16 8 34th STREET MAGAZINE, November 19, 1981 Lynne Carter: A Real Ladies' Man By John Marshall "I am not a Iransveslite," says Lynne Carter, relaxing barefoot in his hotel room. "You don't see any women's clothes laying around here. I've never lived that way. They are in my dressing room, I put 'em on, I do my THEATRE act, I wash my face, I go home - that's it." Carter has mode his living as a female impressionist, playing to packed nightclubs and concert halls across the country, delighting audiences with his imitations of Phyllis Diller. Pearl Bailey, Marlene Dietrich, and other famous ladies. But his first dramatic role, that of Hosanna in Michel Tremblay's play of the same name, is exactly what Carter is not - a Iransveslite. "I had trouble trying to capture the thinking process that would go along with Hosanna." Carter admits. "It was hard at the beginning." Playing a man who dresses as a woman to mask his doubts about his sexuality and self-worth has been no easy task for Carter, and he says he was persuaded to take the part at the insistence of producers and directors he knew in New York. "I wanted to do something serious, but didn't know if I could do something this heavy. They said, 'If you can conquer this, you're on.' I listened to them, and here I am at Walnut Streot Theatre 5." It is the site not only of the play's Philadelphia debut and the current production's debut, but of Carter's legitimate stage debut as well. "You always have to try to Open new avenues of crea- tion," he says, adding, "I've done everything else. The only thing I haven't done is the legit." What he has done vaudeville, radio, TV, movies, and concert halls - has comprised a long and illustrious career, albeit an atypical one. Carter declines to say how he became interested in performing imitations of female stars because "that's such a long story." He is presently working on a book which will provide the details, but basically, says Carter, "I stumbled on it by accident." One reason he has stayed with it over the years has been its economic profitability, he says. "I found out that a lot of the comics that were around doing lames Cagney and Jimmy Stewart were looking for a job, but the way I was working, doing female characters. I always worked steady." Alter a two-year stint in Bette Davis Eyes The Watcher In the Woods Starring Lynn-Holly Johnson and Bette Davis Directed by By Howard Sharman After the death of Walt Disney, films from the magic kingdom lost their ma c and FILM fell into a pattern ot mediocrity epitomized by such forgettable films as Escape From Witch Moun- tain and The Boatniks. Now Uisney Studios is attempting to re-establish itself in the industry by making films with appeal for all ages while avoiding the deadly "G" rating. The new productions began with The Black Hole, a childish rip-off of 20,000 Leagues Under The Sea, and have included Condorman and. with Paramount. Popeye and Dragonslayer. Newest of the new Disney films is the supernatural thriller The Watcher in the Woods, which has finally gone into general release after having been withdrawn Quality Books at Quantity Prices HOUSE OF OUR OWN BOOKS 3920 Spruce St.. Tues.-Sat pm FrminiM d Soi ialim Tnlrs-Sn ornl Flooi Sleep In Them Contact Lenses Farsighted Nearsighted Astigmatism Continuous Wear *> ^v 10% Discount with student ID Dr. L. Schwartz Dr. I.Zeitlin 3935 Chestnut St Eye Exams-Fashion Eyewear-Optical Repairs from its New York premiere engagement over a year ago. The film has since had an additional one million dollars pumped into it. in order to re-shoot a supposedly confusing ending. They should have saved their money. Watcher is no better than any other film the studio has made in the past decade, and. like the others it will rapidly close and be forgotten. Watcher tells the story of what happens to the present day look-alike of a girl who mysteriously disappeared 30 years ago, when the "double" moves into the missing girl's home. This stock plot, despite the studio's attempt to clarify it, Is hopelessly muddled, and the simplistic finale leaves many loose ends. In fact, one never even finds out who "The Watcher" is. The acting is just about as hopeless as the plot, and even Bette Davis' portrayal of an ominous old recluse can't help the film, since she must combat the overwhelming blandness of Lynn-Holly lohnson as the girl, and Carroll Baker as her mother. If Disney is looking to build up their fortunes with fare like this, they've obviously been looking in the wrong place. The Watcher in the Woods is a misadventure in boredom for anyone over twelve, and just another nail in Walt's coffin. A WM aa^avw ^g* the Navy during World War II, Carter returned to his native Cleveland, Ohio to decide on a career. It seemed to be determined at an amateur contest, in which he won first prize for an impression of the then-emerging Hildegarde. Building his act around imitations, he addded the likes of Marlene Dietrich, Hermione Cingold. Ethel Merman, Tallulah Bankhead, and other famous females to his repertoire. "I always did them funny," notes Carter. "And I never once thought I was a woman." The subjects of his satire were impressed with his impressions. Pearl Bailey sent him arrangements of her songs, and Josephine Baker sent him gowns. "They all have great senses of humor and can laugh with others at themselves," says Carter. Comedy has served him well, but at the moment he's "gonna break that goddamn sign", or lampost, or mirror. His only other concerns seem to be getting laid and getting away from Hosanna. At only one point in the play, during Hosanna's twenty minute monologue, does any real emotional quality and development of character seem apparent. Here too. however, Carter's performance is almost obscured by the repetitive quality of the script. Instead of writing a character play about two people learning about themselves and their relationship, Tremblay. has chosen to write a statement about appearances and their importance. It is asking a,1 ^k Carter is playing an extremely serious role. "It might be very hard for some people to take," he says. "But it's 1981, these things exist, and we can't look the other way and say they don't." The show will play major cities across the country before arriving in Now York, where it has been performed twice in the orginal French- Canadian dialect in which it was written. When he is finished with the show. Carter expects to continue with his impressions act. (loss intensely due to a heart problem) but also hopes to play other serious roles. Is there a limited future for a man who plays women? "Yeah, but that's not the point." exclaims Carter. "I'm an actor! It doesn't matter what I'm playing. Hosunnu shows that I can do theater, regardless of what 1 wear. Whether it be in women's clothes or men's clothes, an actor is an actor." Hosanna' «onllnntd from />«<r it great deal of any audience member, straight or gay. to identify with the stereotypes he presents. It appears that Tremblay is familiar with the devices of making a statement, but cannot put them together in a coherent form. He does make an interesting comment on sex roles and their reversal, but the topic is not developed. Both lead performances are adequate, considering the material they have to work with. Carter's Hosanna would make a much better woman than a man. as women are his forte. Hosanna is a play which leaves the audience bored, unamused. and certainly not enlightened, if they don't leave first.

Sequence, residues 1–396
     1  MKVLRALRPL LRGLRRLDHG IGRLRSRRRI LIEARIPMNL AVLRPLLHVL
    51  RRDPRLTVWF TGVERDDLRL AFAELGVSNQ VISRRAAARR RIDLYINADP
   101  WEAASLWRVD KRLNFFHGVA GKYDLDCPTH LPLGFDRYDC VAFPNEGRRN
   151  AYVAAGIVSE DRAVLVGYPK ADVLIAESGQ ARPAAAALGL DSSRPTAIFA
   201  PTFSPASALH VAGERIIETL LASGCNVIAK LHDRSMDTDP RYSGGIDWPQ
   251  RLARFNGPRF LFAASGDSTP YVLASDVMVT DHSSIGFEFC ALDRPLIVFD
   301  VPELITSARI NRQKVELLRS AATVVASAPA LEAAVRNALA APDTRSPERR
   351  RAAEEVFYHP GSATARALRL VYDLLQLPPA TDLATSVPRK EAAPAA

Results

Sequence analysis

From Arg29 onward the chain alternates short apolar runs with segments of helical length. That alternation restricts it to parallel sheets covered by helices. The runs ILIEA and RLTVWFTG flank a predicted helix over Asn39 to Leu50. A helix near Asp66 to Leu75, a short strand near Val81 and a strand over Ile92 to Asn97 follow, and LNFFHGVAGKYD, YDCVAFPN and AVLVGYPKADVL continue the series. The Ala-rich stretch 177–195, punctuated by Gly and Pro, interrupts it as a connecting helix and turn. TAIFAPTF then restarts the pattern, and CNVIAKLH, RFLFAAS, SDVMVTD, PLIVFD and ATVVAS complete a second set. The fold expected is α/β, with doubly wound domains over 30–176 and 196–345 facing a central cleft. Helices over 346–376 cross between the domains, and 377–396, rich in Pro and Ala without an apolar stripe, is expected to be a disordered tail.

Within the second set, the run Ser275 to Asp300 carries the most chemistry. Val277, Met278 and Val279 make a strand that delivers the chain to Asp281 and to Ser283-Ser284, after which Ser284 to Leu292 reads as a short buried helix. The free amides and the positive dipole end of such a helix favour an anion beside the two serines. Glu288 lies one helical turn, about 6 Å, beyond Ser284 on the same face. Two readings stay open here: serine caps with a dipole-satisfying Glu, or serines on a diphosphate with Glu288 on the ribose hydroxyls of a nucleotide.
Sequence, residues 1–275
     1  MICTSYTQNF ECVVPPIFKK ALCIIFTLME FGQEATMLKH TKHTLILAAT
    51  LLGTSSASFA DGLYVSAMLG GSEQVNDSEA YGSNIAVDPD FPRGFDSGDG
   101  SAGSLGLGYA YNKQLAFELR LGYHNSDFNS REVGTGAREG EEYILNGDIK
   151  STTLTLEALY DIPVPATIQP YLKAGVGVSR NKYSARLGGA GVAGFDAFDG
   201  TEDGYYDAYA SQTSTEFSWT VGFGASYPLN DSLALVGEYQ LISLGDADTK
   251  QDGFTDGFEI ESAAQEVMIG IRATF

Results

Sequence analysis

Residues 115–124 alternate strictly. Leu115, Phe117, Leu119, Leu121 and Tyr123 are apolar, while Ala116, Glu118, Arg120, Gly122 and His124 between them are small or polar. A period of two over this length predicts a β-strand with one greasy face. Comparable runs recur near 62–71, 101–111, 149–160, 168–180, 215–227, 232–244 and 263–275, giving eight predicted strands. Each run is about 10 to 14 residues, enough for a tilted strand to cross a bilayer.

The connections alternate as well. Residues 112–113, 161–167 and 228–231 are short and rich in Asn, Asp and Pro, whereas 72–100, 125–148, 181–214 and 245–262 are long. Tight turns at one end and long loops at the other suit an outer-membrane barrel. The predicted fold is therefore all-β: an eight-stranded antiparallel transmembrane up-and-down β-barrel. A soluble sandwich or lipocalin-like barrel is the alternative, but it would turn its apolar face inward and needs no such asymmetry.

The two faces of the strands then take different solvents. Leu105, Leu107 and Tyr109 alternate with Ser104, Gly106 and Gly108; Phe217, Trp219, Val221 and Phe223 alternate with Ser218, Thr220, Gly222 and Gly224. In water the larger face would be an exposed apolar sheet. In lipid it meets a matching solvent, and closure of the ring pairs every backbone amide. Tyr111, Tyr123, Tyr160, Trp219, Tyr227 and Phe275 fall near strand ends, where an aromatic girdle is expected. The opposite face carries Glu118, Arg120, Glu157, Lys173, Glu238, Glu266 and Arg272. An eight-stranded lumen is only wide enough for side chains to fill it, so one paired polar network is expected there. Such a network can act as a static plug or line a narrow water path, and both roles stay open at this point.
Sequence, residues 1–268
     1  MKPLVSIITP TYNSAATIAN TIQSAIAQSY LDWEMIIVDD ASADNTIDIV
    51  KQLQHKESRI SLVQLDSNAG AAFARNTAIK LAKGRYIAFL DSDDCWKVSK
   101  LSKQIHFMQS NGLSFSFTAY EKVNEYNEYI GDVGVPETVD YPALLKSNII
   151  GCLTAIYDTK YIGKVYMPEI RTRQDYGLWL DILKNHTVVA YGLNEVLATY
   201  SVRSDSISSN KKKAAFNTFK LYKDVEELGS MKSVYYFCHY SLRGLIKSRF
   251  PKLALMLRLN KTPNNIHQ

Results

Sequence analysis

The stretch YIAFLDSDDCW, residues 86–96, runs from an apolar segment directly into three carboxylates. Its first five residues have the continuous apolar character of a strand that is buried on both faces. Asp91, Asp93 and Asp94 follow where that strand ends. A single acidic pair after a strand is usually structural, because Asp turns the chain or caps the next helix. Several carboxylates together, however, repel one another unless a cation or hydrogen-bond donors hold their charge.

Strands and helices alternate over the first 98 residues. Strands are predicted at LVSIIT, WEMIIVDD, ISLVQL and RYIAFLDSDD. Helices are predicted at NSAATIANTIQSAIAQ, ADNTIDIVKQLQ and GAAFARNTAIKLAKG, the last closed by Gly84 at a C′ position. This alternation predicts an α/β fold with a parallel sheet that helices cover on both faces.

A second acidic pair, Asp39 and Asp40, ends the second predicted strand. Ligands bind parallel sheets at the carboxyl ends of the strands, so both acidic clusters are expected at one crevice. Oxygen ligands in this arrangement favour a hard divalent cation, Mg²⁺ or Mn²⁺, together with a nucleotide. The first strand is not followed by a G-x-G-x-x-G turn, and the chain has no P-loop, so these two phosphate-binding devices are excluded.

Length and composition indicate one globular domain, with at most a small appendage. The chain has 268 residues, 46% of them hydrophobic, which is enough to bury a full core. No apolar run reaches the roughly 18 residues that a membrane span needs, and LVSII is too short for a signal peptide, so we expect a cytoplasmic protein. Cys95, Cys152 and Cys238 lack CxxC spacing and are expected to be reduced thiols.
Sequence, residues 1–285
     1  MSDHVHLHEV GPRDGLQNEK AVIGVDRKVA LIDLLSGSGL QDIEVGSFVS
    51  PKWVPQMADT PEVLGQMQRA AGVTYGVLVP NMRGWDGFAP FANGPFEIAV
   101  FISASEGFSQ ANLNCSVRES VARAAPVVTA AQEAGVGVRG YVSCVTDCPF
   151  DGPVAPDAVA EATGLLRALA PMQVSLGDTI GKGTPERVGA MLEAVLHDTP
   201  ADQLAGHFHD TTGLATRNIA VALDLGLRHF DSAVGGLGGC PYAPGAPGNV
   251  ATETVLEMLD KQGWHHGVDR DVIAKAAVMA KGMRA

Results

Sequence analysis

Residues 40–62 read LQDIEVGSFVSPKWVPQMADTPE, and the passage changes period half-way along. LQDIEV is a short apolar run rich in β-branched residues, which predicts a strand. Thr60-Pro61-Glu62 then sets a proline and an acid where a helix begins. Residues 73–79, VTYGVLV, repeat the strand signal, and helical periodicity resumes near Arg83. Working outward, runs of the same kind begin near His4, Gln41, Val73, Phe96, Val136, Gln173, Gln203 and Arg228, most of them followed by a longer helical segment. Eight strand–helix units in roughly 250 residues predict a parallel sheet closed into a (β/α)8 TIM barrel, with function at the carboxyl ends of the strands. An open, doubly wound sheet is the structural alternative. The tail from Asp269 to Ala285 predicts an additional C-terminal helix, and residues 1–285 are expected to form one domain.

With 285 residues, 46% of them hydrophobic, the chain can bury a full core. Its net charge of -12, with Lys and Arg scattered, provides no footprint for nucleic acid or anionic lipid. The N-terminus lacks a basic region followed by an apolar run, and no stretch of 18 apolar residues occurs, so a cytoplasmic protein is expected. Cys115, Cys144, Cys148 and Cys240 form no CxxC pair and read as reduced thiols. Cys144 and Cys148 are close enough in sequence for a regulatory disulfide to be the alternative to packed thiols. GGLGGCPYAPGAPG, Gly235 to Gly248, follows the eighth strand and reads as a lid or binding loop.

17 34th STREET MAGAZINE, November 19, 1981 Pursuit Williams and Horrald make splosh in film thai didn't ( onlinueil from page St character seems to change every few minutes. With all respect for this sylph, it seems as though she used her scenes in this film to try out her different acting emotions and skills, probahly in preparation for an upcoming real role in a real movie. Finally, one must acknowledge the scenery Utilized here. There are some really gorgeous scenes lilmed in Wyoming, including a somewhatentertaining white water chase. But the real beauty of this movie's footage is the panoramic and always captivating Arizona desert. The surroundings of the final chase segment, as well as various other scenes, serve to remind the viewer once again of this awesome spectacle of Nature's grandeur. Williams and Duvall each play their parts as well as they can. Williams' role at least allows him irreveranl fun, while Duvall is plainly wasting Ins talents with this juvinelly simplistic part. The entire film, in fact, is either a half-decent madefor-tv movie, or Walt Disney meets the 70"s. In either case, unless your little brother (Penn class of 1989 or later) is visiting, save your parents hard-earned money for some quality entertainment. Happy Thanksgiving & Merry Christmas soon sale Nov. 19 through Nov Z& SWEATER DRESSES (by Plain Jane for Esprit) 20 % off GENESIS boatneck furblend sweaters were $28.95 NOW $19.95 BIG BARGAIN! JT /^X ALL blouses 10 An xx in the women's dept. 5 O.UU 01 ALL pants or jeans Unft m in the women's dept. f D uu 0TT - IITTTTTTTTTTTTTTTTTTTTTTTTTTXE 'COUPON- every pair of nickels Shoes (COUPON> for women Urban Outfitters In The Warehouse, 4040 Locust St , Mon.-Sat , Sun Selected Outerwear $ off <MQ QQ Q ff (COUPON) 'Lessons' l< imiinunl Imm page Si Private lessons bares a striking resemblance to those kiddie mysteries that Disney used to grind out in the early 70s. The only difference is ih.it the Kurt Russell character is a horny little kid. the <M Klwm character is an offensive Iii iss, and the ulie Andrews character wears ruffled panties and strips on demand The movie's gee-whiz.ittitude IOWHKIS sex is refreshingly real, especially in a film year [Body Unit, The Postman Always Rings Twice, Endless Love] which has cleansed the original sin in a sea of panting, sweating and drooling. As Nicole, Sylvia (Emmanuelle) Krystel emotes In her best Brigitte BardotBlke Sommer sex kitten pun lhe at i ant that sounds like French but isn't), ;iml ban's bet beautifully formed boobies often enough to keep bet Budience aw 'ike. Her unendowed o stat s, Howard I leaseman and Bt Ii Brown, should be so lm k\ Hesseman, who has.n traded a large l.msbip from his role on TV's WKHP in (.Hir iiiniii. should ha\ a known bettei than to sign on ;is Lestei. BIguabl) one ol the least redeemable pints in i 111«-11i.i liistni v llniwn grins bis bashful grim and gulps his aw-shucks gulps as well as can be expected Private Lessons is so sun pie. so unruffled, and so light headed that it's almost fun. Add a little booze to help lorget the inane script, and Private Lessons becomes,i hilarious party movie. when good-natured Mr. Philmore comes home to save the day, and we are ask ed (in the best I)isne\ tradition) to believe that no one has to be responsible for all the shenanigans, you might actually smile. With the batch of films that have opened in the past week, that alone would be worth the admission pru a